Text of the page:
Cosima told us that Dr Leslie is desperately lonely this season as a result. “It was tough [this season]. I literally had to imagine myself sitting on a lonely rock somewhere," he said.
“I’m happy in solitude. I’m not someone who’s hugely sociable, there are some similarities between myself and the character... but for Leslie, she co-existed and collaborated with her husband, so when he goes, that’s pretty much the end of her inspiration and her purpose in a way.”
Akbar Kurtha plays Dr Jay Johar, a psychologist bringing his expertise to Olympus Town.
Akbar Kurtha, known for his roles in 24 and Syriana, joins the cast for series 2 as a doctor who plans to take over from Dr Amelie Durand, who intends to return to earth.
“My character arrives in episode two. He’s tested pretty much immediately, when somebody goes into trauma, and doesn’t survive," he explained.
“Then he arrives on Mars with this horrible news that one of his team has not survived.”
Big Thinkers - experts in the field of space exploration - appearing in series two include:
Stephen Petranek - author of How We’ll Live on Mars, upon which the series is based.
Andy Weir - author of The Martian, which was made into a 2015 film starring Matt Damon.
Elon Musk - CEO and Chief Technology Officer of SpaceX, whose goal is to reduce space transportation costs and enable the colonisation of Mars.
Where is it filmed?
Series two of Mars was shot mainly in Budapest, Hungary - a departure from series one, which was shot in Morocco.
Showrunner and Executive Producer Dee Johnson explained to BT TV that the switch of location was due to the extreme heat in Morocco. Not only did the high temperatures make it difficult for the actors, but also it didn’t reflect the freezing conditions humans would face on Mars.
“We shot everything with the principal [cast] in Budapest," she explained.
"We had a huge backlot that we converted. There was a lot of green screen, which of course is becoming more and more common, even in television.
“It was just hard to coordinate the Morocco part of it. Where we shot in Morocco, it was very remote. It was very difficult to film.
“We did shoot second unit there, so all our exteriors were shot in Morocco, but the principals weren’t shot in Morocco: we did doubles in the same Moroccan landscape.
“I wasn’t there for series one but I’ve heard that shooting in Morocco was very hot, and of course on Mars it’s freezing, so it’s very difficult to play freezing when you’re melting in those astronaut outfits!”
You'll love Mars if you liked…
Documentaries about space such as A Beautiful Planet, Orbit: Earth's Extraordinary Journey and Above and Beyond: Nasa's Journey To Tomorrow, or films and TV shows such as The Martian, The First, Apollo 13, First Man, Passenger, Gravity, Interstellar and Lost in Space.
Three reasons to watch Mars…
1. Mars is en vogue
The First on Channel 4, Away on Netflix, Mars on National Geographic... if there’s one planet that everyone’s talking about in 2018, it’s the red one. Showrunner Johnson (below) agrees that Mars as a topic in film and TV is coming back into fashion in a big way.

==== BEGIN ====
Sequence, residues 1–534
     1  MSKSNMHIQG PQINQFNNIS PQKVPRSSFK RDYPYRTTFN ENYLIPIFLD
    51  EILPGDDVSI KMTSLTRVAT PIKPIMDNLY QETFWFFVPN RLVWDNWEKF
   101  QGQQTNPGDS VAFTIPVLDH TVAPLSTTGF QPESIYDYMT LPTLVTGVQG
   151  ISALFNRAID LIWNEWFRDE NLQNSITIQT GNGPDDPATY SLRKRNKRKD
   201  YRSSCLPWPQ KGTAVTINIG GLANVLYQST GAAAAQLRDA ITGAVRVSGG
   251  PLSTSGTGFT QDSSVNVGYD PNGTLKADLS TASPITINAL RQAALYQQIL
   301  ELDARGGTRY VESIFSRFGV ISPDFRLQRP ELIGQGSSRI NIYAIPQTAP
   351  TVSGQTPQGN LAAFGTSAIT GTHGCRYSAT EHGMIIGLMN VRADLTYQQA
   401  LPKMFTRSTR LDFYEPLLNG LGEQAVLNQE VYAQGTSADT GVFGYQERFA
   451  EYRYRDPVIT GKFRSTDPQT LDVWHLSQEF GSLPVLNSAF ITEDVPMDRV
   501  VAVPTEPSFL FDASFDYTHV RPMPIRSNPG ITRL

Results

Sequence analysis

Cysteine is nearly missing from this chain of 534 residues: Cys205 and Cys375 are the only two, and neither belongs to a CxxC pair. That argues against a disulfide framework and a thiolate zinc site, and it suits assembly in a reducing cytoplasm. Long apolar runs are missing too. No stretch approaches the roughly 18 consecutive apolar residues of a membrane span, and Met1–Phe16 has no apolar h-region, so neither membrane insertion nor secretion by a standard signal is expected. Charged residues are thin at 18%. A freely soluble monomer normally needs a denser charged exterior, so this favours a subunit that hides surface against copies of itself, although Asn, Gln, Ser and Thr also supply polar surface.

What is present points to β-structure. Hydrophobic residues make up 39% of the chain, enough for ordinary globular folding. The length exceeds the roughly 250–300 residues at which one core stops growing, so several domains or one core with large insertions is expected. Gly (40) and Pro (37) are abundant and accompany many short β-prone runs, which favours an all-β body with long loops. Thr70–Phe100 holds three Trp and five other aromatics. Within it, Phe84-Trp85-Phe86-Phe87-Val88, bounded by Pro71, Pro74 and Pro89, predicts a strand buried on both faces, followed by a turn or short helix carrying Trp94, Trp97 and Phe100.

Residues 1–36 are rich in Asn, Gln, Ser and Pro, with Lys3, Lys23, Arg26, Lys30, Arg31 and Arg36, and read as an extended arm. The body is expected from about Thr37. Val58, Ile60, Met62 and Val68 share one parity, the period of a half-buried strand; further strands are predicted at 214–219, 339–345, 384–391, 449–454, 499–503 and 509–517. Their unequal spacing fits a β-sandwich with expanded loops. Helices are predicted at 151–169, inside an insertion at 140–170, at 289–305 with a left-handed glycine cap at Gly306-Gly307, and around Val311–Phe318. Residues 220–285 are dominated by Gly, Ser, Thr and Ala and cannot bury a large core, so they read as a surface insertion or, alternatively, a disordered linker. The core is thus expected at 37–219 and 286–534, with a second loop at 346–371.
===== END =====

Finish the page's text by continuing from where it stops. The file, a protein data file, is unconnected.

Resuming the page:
“For a long time the space programme almost fell underground, it fell off the radar, then all of a sudden there was this growing interest in Mars, whether it was movies or TV," she told BT TV.
“There’s another show that’s on Hulu [on Channel 4 in the UK] starring Sean Penn called The First and one coming to Netflix called Away.
“The fact that there’s three Mars shows coming up suggests that there’s sort of a collective interest there, whether people are consciously aware of it or not.”
Asked why that is, Dee reckons that Elon Musk - who appears in series 2 of Mars - is partly responsible, with his focus on getting to Mars making it a realistic prospect in our lifetimes.
"Maybe it’s just been creeping up on us," she explained.
“Certainly Elon Musk has shined a light on it because he’s got a laser focus on getting to Mars. That’s sort of out there in the public sphere.
“All those things have contributed to this interest in Mars, and it seems inevitable that we will get there. He’s determined anyway!”
2. It’s based on real facts
National Geographic's speciality is documentaries, so you know every single element of the show is going to be fact-checked by Nat Geo.
It’s not a coincidence that the show’s premise includes unscripted interviews with many experts in their field.
The result is an "uncommonly well-grounded science fiction story", according to Forbes.com.
Showrunner Johnson confirmed to us that the documentary team worked with the show’s writers to ensure that the facts were correct.
She tells us: “They [the documentary team] were in the room with us when we were breaking story.
“We broke story like you would ordinarily do on a scripted show, then we just had them there, and they were there every step of the way.
“Then when we did our outline, we talked about what we hoped to get from the documentary team, and try to place it in the story outline. We did the best that we could. It was interesting, very different.”
3. It’s a unique format
The docudrama genre is a unique hybrid that allows producers to convey complicated information in an entertaining way. Scenes flip between scripted drama with actors and documentary sequences and interviews with experts.
Mars isn’t necessarily the first show to do it, but it’s certainly one of the biggest in terms of scale.
Johnson told BT TV that she believes the format could be replicated for other genres, such as historical dramas, to offer a really interesting prospect for the future of television.
She says: “I’m curious if others will try it, and if there are other venues that this would work for. I think it would.
“Off the top of my head I don’t know, but I think it could be doable. It’s a fascinating way to get this sort of information out there.
“Even for me, watching how the documentary people put it together, it was an education. I may have known vaguely, but the way they did it was a really cool education in a lot of ways. You could do it for historical dramas.”
Is there a trailer?
Watch a sneak peek of Mars below:
Mars returns Sunday, November 11 at 8pm on National Geographic (BT channel number 317/373 HD). Series 1 of Mars is available to stream on Netflix now.
Discovery’s channels are part of the 60+ premium channels available on BT TV including Animal Planet and TLC.
Images: National Geographic